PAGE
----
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Tuesday, 19 September 2017

A NIHR In-Practice Fellowship: Growing evidence-base for self-harm in primary care

Wtitten by Dr Faraz Mughal | | @PCSciences | @farazhmughal

As a GP and Royal College of General Practitioners (RCGP) Clinical Fellow for Children and Young People’s  Mental Health, I was delighted when I heard the news that my NIHR (National Institute for Health Research) In-Practice Fellowship application was successful. The fellowship will not only allow me to develop research skills and evolve as a clinical academic, but will also allow me to further understand self-harm within primary care, a subject which personally, really troubles me. 

But what is an In-Practice fellowship?

More often than not, General Practitioners will go through their training and have little to no involvement with research. This isn’t to say we have no interest in it, on the contrary, we often come across conditions that need further research to better inform practice, but we often don’t know how  to contribute.

In short, the fellowship offers an academic training opportunity to fully qualified General Practitioners who may have already spent  time in NHS practice or fresh from general practice training, but have had little formal academic training so far. Training opportunities are flexible, however provide structured supervision within a research setting to ensure attainment of academic goals and will often include the completion of a Master’s degree. 

What will I be doing?

My fellowship will lead to the completion of an MPhil, which will be supervised by Professor Carolyn Chew-Graham and Dr Lisa Dikomitis.  I will spend part of my time developing my research skills, completing two studies within the Mental Health Research Programme of  Keele University’s Research Institute for Primary Care and Health Sciences. I will spend the rest of my time continuing with my clinical commitments as a practising GP.

The first study is a systematic meta-synthesis of qualitative studies of primary care practitioner attitudes and knowledge of self-harm in young people. The second will be a qualitative study, where I will be interviewing young people between the ages of 16 and 25 about their experiences of self-harm, help seeking behaviour, and their access to care with a general practice focus. 

Why self-harm?

I developed an interest in self-harm in young people early in my career as a GP. Being a young person today, is very different to what it was like 20 or 30 years ago, and the accumulation of stressors on these young people may result to the feeling of wanting to self-harm, or indeed carry out the act of self-harm. However, even as a GP, I still find it difficult to fathom what inflicting (or wanting to inflict) pain onto one’s self could be like.

We are seeing more and more cases of self-harm within primary care, and I hope that the research conducted through this fellowship will be beneficial to the small but growing self-harm evidence-base in primary care, and form the basis for further research.  

Tips for a successful application

Because of the great opportunities that these fellowships offer, competition is often fierce where applicants must be able to demonstrate that they have an outstanding potential for development as a clinical academic in research, or research linked to medical education.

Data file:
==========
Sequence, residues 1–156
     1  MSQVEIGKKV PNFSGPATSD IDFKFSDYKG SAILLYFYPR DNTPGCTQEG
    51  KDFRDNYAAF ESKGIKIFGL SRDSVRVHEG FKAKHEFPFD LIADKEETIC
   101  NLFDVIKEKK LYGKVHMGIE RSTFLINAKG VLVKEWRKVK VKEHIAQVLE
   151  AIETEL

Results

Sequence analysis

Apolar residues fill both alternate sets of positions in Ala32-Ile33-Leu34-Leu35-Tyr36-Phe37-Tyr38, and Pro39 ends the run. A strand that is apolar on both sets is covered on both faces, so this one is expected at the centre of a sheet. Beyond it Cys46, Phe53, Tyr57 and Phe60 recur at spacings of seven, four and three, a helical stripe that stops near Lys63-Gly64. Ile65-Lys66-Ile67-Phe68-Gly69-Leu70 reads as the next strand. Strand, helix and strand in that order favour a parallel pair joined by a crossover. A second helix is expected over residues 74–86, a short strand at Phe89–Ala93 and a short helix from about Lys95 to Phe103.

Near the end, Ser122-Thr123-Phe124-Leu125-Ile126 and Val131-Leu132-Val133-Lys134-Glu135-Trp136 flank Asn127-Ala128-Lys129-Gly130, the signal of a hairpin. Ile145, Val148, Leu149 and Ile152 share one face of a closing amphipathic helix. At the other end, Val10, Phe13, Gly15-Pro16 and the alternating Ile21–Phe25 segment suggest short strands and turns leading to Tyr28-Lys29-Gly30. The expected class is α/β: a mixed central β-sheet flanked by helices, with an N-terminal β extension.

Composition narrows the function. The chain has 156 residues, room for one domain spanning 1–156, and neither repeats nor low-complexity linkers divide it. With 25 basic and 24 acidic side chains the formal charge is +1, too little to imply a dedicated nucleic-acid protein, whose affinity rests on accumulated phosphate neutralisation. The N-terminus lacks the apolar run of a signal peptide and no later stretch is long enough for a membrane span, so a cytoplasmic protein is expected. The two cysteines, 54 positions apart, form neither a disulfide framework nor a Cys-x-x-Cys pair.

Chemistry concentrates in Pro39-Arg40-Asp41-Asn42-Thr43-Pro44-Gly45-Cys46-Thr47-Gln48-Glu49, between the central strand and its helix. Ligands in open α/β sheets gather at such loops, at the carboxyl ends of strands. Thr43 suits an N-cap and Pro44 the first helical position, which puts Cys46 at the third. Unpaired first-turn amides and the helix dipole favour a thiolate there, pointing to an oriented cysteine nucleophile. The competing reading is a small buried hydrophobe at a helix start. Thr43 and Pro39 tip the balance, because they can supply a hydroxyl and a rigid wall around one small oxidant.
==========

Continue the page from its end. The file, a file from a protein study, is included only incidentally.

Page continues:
The selection process is intense, so if you’re considering applying for an In-Practice Fellowship my tips for writing a successful application would be; 

Gain some research skills

Even if it’s self-funded, gaining research skills will give you some extra weight in your application, and help you through the fellowship process. I’ve conducted some previous research during my training and in the early years of becoming a GP (unfunded), which resulted in a few research publications on tobacco and medical education  and non-research peer reviewed publications. I also had the opportunity to present at international and national conferences. 

Find a mentor

Finding a mentor to guide you through this process is invaluable. The RCGP and the Society for Academic Primary Care both offer mentorship opportunity that are definitely worth considering. 

Take your time

Take the time to focus on your research question, identify a suitable supervisory team, and plan your application. A mentor once advised me not to rush into applying and to ensure you apply at the right moment, and in hindsight, this was crucial advice for me. 

I am thoroughly looking forward to beginning my fellowship later this year, and starting my journey into clinical academia. It will give me the opportunity to learn from a team of experts from one of the top Primary Care Research Institutes in the UK and I know the experience will be invaluable as a practising GP. 

More information about these fellowships can be found on the NIHR website

About the author


Dr Mughal is a salaried General Practitioner (GP) based in Birmingham, who after completing his GP training through the North Birmingham Vocational Training Scheme in 2015, was appointed as a Royal College of General Practitioners (RCGP) Clinical Fellow in Children and Young People in Mental Health. Here Faraz contributes to the growing mental health work of the college – an enduring clinical priority until 2019. You can browse the RCGP mental health toolkit for primary care staff online

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